1. Limited time only! Sign up for a free 30min personal tutor trial with Chegg Tutors
    Dismiss Notice
Dismiss Notice
Join Physics Forums Today!
The friendliest, high quality science and math community on the planet! Everyone who loves science is here!

Homework Help: Find n from PV^n=C

  1. Apr 11, 2009 #1
    1. The problem statement, all variables and given/known data
    Question is to rearange the formula PV^n=C to find n

    3. The attempt at a solution
    Using logs i come up with n=(P2/P1).ln(V2/V1)

    I understand that this is a really easy question, im just having a mind block from all the studying ive been doing lately.

    Last edited: Apr 11, 2009
  2. jcsd
  3. Apr 11, 2009 #2


    User Avatar
    Science Advisor
    Homework Helper

    Welcome to PF!

    Hi Gorz! Welcome to PF! :smile:

    (try using the X2 and X2 tags just above the Reply box :wink:)
    uhhh? whatever are P1 P2 V1 and V2? and where did C go? :confused:
  4. Apr 11, 2009 #3


    Therefore P1V1n=P2V2n

    Rearrange and you can get (P1/P2)=(V2/V1)n

    Taking logs of this you get ln(P1/P2)=n.ln(V2/V1)

    Not sure if im right thus for, so cant continue.


  5. Apr 11, 2009 #4


    User Avatar
    Science Advisor
    Homework Helper

    perhaps i'm misunderstanding the question :confused:
    … but the next step seems to be Vn = P/C, so ln … ? :smile:
  6. Apr 11, 2009 #5
    C, the constant is P2V2n

    So it needs to be rearranged so you have both sets of pressure and volume on each side as you are not given the constant as a value.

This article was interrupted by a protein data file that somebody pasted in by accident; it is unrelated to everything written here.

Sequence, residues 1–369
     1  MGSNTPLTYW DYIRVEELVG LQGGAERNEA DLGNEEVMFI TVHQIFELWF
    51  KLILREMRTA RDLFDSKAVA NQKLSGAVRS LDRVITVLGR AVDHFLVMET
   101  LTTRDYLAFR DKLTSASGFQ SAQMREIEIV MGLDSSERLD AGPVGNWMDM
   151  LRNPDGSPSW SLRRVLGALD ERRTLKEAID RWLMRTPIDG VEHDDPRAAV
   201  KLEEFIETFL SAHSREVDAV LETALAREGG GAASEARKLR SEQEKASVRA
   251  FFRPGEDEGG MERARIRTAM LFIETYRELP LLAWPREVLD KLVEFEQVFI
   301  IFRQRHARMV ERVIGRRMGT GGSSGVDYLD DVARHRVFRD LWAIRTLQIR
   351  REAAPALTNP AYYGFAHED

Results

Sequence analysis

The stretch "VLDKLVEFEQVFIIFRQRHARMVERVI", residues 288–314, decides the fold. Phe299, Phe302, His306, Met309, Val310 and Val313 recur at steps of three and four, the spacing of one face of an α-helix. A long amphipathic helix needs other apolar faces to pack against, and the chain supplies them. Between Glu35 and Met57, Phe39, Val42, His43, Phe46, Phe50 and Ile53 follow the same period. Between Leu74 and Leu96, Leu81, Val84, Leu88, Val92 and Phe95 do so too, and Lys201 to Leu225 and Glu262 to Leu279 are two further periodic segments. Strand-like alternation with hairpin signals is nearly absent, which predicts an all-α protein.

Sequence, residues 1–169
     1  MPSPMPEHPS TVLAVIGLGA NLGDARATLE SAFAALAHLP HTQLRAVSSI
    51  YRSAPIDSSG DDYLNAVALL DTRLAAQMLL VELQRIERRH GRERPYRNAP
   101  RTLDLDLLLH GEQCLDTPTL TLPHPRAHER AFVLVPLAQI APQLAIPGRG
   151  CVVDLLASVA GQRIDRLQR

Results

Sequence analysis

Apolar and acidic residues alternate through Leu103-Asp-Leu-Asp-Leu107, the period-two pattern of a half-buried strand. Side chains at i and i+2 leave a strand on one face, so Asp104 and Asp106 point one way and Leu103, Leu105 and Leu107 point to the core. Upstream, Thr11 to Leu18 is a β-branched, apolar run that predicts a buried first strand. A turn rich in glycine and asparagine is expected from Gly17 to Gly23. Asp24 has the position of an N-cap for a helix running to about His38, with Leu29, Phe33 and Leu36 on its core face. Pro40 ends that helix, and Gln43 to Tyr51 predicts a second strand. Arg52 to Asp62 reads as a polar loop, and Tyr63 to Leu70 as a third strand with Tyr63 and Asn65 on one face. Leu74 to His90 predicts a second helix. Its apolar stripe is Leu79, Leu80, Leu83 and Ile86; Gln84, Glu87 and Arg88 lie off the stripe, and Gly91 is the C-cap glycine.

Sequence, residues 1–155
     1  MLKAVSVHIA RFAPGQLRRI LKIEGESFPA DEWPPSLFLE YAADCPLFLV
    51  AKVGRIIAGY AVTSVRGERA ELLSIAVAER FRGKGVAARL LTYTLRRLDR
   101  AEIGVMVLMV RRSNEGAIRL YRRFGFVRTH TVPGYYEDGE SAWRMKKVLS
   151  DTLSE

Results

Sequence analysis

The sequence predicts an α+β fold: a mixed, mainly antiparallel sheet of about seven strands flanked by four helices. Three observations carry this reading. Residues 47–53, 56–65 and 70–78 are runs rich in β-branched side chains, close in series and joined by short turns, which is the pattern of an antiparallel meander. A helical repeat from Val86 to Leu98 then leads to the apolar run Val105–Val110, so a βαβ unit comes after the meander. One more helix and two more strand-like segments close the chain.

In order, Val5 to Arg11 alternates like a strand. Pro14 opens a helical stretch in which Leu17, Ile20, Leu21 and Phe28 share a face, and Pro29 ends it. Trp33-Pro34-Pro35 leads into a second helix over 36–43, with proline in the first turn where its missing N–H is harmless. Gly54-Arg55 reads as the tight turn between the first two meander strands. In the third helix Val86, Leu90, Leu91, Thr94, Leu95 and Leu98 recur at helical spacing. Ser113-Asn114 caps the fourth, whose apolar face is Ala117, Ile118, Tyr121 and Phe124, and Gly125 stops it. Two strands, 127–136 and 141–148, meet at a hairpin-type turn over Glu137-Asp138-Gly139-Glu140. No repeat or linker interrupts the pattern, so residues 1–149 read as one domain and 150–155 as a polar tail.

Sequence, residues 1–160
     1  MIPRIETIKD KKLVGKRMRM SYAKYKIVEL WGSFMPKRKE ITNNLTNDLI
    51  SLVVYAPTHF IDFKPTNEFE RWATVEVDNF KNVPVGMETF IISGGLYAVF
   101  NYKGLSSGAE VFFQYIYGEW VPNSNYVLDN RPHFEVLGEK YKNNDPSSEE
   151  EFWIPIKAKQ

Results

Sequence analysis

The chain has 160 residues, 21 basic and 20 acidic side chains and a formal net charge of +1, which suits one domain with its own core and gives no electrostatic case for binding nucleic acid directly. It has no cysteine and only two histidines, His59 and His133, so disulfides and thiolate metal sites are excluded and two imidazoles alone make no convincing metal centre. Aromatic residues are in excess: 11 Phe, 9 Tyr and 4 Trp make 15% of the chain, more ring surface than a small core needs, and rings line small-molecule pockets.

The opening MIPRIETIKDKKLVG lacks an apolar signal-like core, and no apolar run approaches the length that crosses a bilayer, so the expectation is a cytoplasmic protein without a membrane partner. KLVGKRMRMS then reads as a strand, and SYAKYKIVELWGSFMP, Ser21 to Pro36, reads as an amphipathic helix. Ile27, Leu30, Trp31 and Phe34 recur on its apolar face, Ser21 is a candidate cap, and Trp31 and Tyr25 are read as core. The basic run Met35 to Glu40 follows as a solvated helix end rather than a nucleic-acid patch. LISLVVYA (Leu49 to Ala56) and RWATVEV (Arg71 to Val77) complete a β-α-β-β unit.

Whats annoying is I done this problem about 3 weeks ago, but ive not had it back from the university yet to look at my working. I know im nearly there, im just making a small mistake somewhere.
  7. Apr 11, 2009 #6
    Correct me if im wrong.


    Giving n: [log(P1/P2)/log(V2/V1)]

    Putting in values gives 0.546.

    It should be 1<n<2

  8. Apr 11, 2009 #7
    I fear i might start losing some sleep over this.

  9. Apr 11, 2009 #8
    remember you need to work with SI units. bars must be converted into pascals.
    other than that, it looks okay to me so far. remember what you are doing. that relationship stems from the adiabatic process of an ideal gas where n = Cp/Cv.
  10. Apr 11, 2009 #9
    n is not = Cp/Cv in this case though, as that would yield the value for gamma, PV^gamma=C, which is already been used for a previous process earlier in the question.

    This process is Polytropic.

    Also on the note of converting to N/m2 (Pa), surely the ratio of P1/P2 will be exactly the same when I use bar in this instance.

    I think the problem with my value for n may lie in my previous working to find the pressure at the start of this process. :uhh:
  11. Apr 12, 2009 #10


    User Avatar
    Staff Emeritus
    Science Advisor
    Homework Helper

    You're value of n is correct given the P1, P2, V1, and V2 you said earlier.

    Were the pressures and volumes given, or did you derive/find them somehow?

    Also you're correct, units don't matter since we are dealing with ratios.

    Finally, why do you say 1<n<2? I know that's true for an adiabatic process in an ideal gas, is that the case here?
  12. Apr 13, 2009 #11
    The value for P1 is derived, but I realised that a mistake in earlier working meant that was wrong.

    It is a polytropic process, hence 1<n<2

    Cheers for the help guys.
Share this great discussion with others via Reddit, Google+, Twitter, or Facebook